EU Justice Commissioner Didier Reynders announced the figure to the European Parliament ahead of a vote to enshrine the scheme in law in time for the continent’s all-important summer tourism season.
It is expected to be passed by a big majority after agreement between MEPs and the EU’s 27 member states on details, with the vote result known early on Wednesday.
The certificate, also known as a Covid health pass or Covid immunity pass, is to be used for intra-EU travel from July 1st, which would then spare travellers the need for quarantine or further testing for travellers.
It will show the bearer’s immunity to Covid-19 either through vaccination or previous infection, or their negative test status.
But the commission wants as many EU countries as possible to start earlier. But it relies on countries launching their own digital Covid passes that can be recognised across the EU. The EU will not produce its own app. Some countries are further ahead of others.
A spokesman for the EU Commission told The Local: “Every member state will need to develop their national implementation for the EU Digital Covid Certificate. National wallet apps could be developed, but are not the only option. Integration in existing tracing or other apps, commercial solutions, digital storage of PDFs and of course paper certificates are also possible.”
Justice Commissioner Reynders said: “The more certificates we can already issue, the easier the process will be during the summer — otherwise, we risk a big bang on the first of July, which we cannot afford.”
As of Tuesday, nine EU countries were already issuing the certificates — including the sunny tourist destinations of Greece, Spain and Croatia. It is also being trialled in parts of Germany.
Bulgaria, the Czech Republic, Denmark, Lithuania and Poland were the others.
“More than a million citizens have already received such certificates, and many more will follow in the next weeks and months,” Reynders said.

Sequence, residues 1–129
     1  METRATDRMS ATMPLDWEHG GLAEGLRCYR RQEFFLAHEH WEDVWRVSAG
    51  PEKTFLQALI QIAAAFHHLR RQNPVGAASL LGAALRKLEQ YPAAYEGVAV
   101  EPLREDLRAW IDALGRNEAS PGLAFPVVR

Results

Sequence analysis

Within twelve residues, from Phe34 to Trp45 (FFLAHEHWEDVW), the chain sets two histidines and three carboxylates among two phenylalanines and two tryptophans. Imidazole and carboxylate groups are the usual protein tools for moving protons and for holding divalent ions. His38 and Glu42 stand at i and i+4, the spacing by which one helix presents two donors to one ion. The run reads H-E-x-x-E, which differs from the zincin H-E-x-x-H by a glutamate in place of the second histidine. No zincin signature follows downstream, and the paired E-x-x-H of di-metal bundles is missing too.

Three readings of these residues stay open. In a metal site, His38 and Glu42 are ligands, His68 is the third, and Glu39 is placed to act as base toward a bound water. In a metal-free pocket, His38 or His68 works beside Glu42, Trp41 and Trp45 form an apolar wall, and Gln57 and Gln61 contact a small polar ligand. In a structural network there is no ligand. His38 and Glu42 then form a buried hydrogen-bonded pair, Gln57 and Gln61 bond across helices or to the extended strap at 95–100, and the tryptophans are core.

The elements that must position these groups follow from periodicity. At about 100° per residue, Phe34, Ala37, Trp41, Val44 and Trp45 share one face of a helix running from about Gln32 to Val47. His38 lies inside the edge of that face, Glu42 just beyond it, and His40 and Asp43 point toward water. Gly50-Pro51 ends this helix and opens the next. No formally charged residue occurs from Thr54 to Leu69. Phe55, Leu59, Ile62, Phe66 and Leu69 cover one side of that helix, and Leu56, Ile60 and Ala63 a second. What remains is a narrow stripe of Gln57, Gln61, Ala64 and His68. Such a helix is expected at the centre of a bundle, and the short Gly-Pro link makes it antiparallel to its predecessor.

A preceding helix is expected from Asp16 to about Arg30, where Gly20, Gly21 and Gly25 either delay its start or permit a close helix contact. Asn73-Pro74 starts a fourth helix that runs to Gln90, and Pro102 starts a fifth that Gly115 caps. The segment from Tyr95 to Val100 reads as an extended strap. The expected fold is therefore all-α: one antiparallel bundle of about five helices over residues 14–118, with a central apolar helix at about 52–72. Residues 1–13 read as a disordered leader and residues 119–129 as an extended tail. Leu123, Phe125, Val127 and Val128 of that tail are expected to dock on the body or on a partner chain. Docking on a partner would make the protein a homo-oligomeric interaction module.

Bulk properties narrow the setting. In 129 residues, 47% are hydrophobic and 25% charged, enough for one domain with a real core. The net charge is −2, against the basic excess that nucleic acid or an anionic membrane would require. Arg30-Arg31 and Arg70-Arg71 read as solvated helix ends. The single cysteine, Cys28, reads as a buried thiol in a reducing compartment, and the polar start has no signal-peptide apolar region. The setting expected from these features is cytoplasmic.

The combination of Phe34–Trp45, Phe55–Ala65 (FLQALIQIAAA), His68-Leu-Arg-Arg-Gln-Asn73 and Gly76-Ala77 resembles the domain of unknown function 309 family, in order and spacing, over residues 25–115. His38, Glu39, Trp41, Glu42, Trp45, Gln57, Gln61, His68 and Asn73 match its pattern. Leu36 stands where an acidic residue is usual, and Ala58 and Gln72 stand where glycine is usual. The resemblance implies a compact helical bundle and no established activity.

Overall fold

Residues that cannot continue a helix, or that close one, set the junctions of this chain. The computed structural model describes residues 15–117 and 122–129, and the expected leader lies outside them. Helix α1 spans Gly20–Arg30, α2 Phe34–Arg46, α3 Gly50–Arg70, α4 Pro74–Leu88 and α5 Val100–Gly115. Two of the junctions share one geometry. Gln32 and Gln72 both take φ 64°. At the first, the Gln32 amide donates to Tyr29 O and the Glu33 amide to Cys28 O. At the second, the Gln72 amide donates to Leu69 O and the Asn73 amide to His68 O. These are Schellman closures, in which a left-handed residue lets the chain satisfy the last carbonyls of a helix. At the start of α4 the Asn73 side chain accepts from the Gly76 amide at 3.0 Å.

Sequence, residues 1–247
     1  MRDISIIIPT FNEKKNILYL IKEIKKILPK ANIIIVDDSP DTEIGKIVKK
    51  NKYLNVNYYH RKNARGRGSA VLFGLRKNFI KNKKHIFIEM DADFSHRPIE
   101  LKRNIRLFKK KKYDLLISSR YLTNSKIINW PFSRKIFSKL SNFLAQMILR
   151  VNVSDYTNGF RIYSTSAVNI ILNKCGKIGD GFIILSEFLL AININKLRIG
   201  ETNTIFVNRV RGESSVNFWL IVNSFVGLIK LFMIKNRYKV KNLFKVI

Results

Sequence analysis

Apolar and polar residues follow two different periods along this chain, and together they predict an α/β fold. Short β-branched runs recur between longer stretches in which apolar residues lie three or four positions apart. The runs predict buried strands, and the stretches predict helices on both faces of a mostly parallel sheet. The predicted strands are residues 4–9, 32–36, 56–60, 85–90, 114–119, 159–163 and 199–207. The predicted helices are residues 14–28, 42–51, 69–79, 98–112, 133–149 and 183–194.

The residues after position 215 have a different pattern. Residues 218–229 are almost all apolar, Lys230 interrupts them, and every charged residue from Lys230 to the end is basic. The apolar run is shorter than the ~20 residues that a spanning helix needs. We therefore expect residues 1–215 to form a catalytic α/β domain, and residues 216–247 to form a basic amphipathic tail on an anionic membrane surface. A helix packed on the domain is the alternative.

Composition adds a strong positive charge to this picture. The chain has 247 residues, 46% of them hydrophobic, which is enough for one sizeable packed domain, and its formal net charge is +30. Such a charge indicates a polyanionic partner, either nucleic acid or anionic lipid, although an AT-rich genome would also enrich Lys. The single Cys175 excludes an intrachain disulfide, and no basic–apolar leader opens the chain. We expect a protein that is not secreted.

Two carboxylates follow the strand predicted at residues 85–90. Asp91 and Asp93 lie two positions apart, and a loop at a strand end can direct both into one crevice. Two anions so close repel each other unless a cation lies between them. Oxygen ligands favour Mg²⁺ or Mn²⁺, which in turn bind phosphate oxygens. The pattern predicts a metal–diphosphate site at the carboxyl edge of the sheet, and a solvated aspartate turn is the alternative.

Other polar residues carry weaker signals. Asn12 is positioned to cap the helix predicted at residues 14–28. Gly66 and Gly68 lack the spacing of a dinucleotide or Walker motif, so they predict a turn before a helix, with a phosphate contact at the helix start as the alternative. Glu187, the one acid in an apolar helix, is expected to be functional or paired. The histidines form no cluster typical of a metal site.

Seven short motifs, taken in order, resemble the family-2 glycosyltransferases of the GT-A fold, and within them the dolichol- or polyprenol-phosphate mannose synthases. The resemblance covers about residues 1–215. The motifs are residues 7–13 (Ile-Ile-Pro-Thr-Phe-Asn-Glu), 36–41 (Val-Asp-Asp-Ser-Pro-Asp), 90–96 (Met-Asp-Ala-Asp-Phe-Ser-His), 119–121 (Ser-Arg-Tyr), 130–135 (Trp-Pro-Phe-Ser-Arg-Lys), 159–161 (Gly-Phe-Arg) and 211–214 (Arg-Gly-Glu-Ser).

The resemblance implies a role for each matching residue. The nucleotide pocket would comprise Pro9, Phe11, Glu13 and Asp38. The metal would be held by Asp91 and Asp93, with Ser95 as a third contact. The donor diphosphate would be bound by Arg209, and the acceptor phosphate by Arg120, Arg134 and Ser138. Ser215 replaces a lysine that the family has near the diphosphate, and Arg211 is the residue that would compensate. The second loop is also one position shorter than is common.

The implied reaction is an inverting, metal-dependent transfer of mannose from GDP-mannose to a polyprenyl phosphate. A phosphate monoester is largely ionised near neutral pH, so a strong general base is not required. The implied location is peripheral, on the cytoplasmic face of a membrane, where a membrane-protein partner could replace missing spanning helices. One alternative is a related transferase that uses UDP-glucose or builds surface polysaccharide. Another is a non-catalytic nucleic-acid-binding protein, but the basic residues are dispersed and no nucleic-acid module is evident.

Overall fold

The EU Digital Covid Certificate can be presented either in digital format, on a smartphone for example, or printed out on paper.
It features a QR code for verification, which border officials and venue staff can use to check against digital signatures stored securely in Luxembourg servers.
Only minimal data of the bearer are included on the certificates, to prevent identity skimming, and the EU legislation surrounding their use is due to expire after a year, so that they do not become a fixture with potential Big Brother uses in the future.
EU lawmakers and capitals also agreed that, when it comes to proof of vaccinations, only the jabs authorised by the European Medicines Agency — so far those from BioNTech/Pfizer, AstraZeneca, Moderna and Johnson & Johnson — would be accepted in all EU countries.
But individual countries can also decide to accept, for their territory only, others, such as one produced by China, or Russia’s Sputnik V vaccine.
Money and concessions
To prevent discrimination against the unvaccinated — particularly younger Europeans who have not yet been able to access jabs given in priority to the elderly — much emphasis has also been put on testing.
The parliament failed to make Covid tests for travel free of charge, but extracted money and concessions from the European Commission to make them more affordable.
Reynders said work was ongoing to also expand the use of the EU Digital Covid Certificate so that it is accepted beyond Europe.
Talks have been under way with the United States, for some sort of mutual recognition of vaccination status.
But have run up against the problem that there is no single federally backed certificated in the US, only a myriad of state and private vaccination cards almost impossible to authenticate abroad.